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Despite all the nervousness, the dollar is not necessarily destined to decline. Large budget deficits don't automatically lead to weaker currencies. In the early 1980s, the dollar strengthened even as the Reagan Administration embarked on a spending spree, because higher interest rates attracted foreign money, pushing the dollar up. The budget deficit "is not at the center of thinking about the dollar," says Richard Portes, an economist at the London Business School.
The greenback has also shown surprising resilience amid the financial meltdown, since investors continue to see it as a safe haven in bad times. Even after some recent losses, the dollar is 15% stronger against the euro than it was in mid-2008. The dollar has maintained its popularity in part because most major currencies don't look much more attractive. Investors judge the value of a currency relative to others. Though the U.S. economy may be in its worst condition in almost 30 years, the rest of the industrialized world isn't any better off. "The dollar should be much weaker," says Nouriel Roubini, the bearish chairman of research firm RGE Monitor in New York City. "The problem is, not all currencies can fall relative to each other."
A quick replacement of the dollar as the world's No. 1 currency doesn't seem likely either. Statistics from the IMF show that the percentage of global currency reserves held in dollars has been declining in recent years but only marginally. Dollars accounted for 64% of the world's currency reserves at the end of 2008, down from 67% three years earlier. There remains great incentive for countries with large dollar reserves, like China and Japan, to continue to invest in dollar assets to preserve the value of their holdings. Besides, replacing the dollar would demand a level of cooperation among the world's major economic powers that is difficult to achieve. Although China and Russia reiterated their calls for reform of the global currency system at last week's G-20 summit in London, the issue barely got any talk time. (See pictures of London protesting the G-20 summit.)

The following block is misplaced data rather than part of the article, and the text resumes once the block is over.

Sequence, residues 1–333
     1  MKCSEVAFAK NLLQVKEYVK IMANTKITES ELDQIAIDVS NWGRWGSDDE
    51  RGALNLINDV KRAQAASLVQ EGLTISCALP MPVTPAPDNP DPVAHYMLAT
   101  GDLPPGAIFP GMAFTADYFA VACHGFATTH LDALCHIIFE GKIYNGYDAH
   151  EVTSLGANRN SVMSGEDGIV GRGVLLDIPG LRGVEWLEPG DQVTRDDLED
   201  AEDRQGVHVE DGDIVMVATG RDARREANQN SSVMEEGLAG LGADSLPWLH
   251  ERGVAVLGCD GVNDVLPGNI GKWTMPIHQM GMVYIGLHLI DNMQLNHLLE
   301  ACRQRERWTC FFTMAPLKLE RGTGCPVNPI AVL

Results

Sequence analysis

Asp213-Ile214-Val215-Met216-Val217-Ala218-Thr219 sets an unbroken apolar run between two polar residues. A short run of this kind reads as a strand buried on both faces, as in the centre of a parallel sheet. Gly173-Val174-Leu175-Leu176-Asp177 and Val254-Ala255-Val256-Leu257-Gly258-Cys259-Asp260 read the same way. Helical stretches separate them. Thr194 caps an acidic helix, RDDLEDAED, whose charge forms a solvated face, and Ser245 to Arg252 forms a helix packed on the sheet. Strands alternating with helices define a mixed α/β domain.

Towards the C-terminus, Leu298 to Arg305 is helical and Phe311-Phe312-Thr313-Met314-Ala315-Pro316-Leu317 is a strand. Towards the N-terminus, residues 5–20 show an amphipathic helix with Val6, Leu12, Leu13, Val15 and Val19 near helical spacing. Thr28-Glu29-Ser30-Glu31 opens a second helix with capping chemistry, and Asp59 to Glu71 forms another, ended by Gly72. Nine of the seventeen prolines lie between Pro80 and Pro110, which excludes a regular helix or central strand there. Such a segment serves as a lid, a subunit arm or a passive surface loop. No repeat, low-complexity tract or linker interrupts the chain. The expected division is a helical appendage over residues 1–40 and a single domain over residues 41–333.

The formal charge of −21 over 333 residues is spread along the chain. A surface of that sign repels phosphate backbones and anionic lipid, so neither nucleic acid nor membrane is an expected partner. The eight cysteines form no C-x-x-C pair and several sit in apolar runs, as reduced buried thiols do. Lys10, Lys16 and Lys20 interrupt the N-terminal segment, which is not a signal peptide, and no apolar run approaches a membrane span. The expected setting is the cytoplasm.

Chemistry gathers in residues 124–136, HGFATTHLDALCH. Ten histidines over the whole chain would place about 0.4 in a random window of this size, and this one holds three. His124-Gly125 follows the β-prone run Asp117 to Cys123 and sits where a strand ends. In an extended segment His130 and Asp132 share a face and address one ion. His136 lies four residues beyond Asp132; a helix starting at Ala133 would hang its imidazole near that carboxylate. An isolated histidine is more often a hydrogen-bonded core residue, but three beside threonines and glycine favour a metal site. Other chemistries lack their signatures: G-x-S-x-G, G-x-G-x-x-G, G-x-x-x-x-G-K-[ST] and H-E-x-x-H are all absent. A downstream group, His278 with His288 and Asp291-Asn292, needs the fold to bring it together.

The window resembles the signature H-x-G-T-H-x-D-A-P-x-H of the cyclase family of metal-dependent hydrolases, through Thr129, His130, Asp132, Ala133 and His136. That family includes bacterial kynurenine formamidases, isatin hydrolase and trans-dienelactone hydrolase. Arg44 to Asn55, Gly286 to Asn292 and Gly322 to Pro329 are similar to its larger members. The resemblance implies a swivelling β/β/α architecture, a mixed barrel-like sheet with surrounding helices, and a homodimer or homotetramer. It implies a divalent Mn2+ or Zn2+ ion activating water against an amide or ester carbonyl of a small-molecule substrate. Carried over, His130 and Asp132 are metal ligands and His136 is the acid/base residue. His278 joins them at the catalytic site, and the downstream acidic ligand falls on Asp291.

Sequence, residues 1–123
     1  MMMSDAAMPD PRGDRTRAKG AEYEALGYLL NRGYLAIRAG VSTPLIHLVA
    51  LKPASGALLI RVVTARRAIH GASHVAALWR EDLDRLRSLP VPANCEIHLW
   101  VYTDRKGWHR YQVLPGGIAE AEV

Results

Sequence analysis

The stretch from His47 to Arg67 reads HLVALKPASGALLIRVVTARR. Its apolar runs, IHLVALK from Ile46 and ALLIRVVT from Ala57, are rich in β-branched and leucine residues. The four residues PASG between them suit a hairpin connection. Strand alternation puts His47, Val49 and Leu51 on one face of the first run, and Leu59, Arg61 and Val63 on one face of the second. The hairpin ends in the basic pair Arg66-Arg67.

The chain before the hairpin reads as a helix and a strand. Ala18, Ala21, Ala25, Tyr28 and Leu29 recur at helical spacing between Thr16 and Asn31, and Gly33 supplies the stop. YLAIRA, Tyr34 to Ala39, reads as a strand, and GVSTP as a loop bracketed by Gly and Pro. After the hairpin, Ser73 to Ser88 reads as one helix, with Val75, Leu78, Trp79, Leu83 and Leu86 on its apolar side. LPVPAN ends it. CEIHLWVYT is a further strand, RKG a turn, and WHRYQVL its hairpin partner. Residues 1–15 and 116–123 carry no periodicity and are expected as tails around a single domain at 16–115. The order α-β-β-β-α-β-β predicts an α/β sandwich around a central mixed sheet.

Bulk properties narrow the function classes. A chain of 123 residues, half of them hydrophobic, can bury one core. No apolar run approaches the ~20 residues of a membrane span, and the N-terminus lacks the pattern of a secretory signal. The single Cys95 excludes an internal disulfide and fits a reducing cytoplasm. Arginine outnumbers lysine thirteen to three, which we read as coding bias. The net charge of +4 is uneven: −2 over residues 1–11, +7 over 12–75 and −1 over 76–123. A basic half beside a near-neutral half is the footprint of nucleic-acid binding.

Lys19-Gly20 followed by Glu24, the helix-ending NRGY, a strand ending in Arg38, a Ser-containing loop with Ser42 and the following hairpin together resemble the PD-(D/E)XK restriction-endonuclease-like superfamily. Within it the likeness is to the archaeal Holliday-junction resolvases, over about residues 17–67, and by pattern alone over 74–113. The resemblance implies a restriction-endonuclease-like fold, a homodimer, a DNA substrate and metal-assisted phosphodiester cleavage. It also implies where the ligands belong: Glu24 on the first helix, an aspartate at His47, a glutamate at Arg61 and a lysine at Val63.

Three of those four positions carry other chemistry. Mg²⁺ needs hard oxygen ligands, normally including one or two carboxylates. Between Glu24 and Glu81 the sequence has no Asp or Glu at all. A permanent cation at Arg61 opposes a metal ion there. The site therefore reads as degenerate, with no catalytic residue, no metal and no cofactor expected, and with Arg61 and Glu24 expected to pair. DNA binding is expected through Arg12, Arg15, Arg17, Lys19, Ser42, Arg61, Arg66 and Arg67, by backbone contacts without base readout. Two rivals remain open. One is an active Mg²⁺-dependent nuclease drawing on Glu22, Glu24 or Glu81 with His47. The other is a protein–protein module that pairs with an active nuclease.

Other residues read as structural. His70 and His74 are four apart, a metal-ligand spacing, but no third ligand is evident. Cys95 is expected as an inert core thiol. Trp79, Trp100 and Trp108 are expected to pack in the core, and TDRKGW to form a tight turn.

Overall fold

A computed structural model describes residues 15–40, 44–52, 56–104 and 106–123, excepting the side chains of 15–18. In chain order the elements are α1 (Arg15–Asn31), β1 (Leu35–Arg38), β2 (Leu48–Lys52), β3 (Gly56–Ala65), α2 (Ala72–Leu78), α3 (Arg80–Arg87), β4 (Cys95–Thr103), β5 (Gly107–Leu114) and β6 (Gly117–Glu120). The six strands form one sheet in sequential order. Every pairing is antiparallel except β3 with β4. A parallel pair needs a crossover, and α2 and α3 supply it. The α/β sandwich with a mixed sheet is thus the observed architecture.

And what would take the greenback's place? Economists say that China's suggestion of turning to SDRs might be viable, since SDRs are already considered a core part of central-bank reserves. But global traders would have to begin denominating transactions in SDRs instead of dollars, and there is no sign of that happening anytime soon. Portes of the London Business School says using SDRs as the top international currency is "not impossible," but he adds that "the fundamental problem is that the issuer of the [international] currency also has to be the lender of last resort. The IMF does not have the legitimacy to do that."
Whatever world leaders decide, some economists believe that the dollar cannot avoid some deterioration. As other nations and regions gain in wealth and economic influence, the U.S. economy will slowly lose its preeminence and the dollar its stature as the undisputed world currency. Harvard's Frankel foresees that the supremacy of the dollar will erode over the next 15 years or so, with other currencies, like the euro, making inroads and forming a system in which multiple currencies share the world stage. "This is the last major crisis in which the dollar is viewed as a safe haven," Frankel predicts. Maybe next time I'm in Tashkent, I'll take along some Chinese yuan.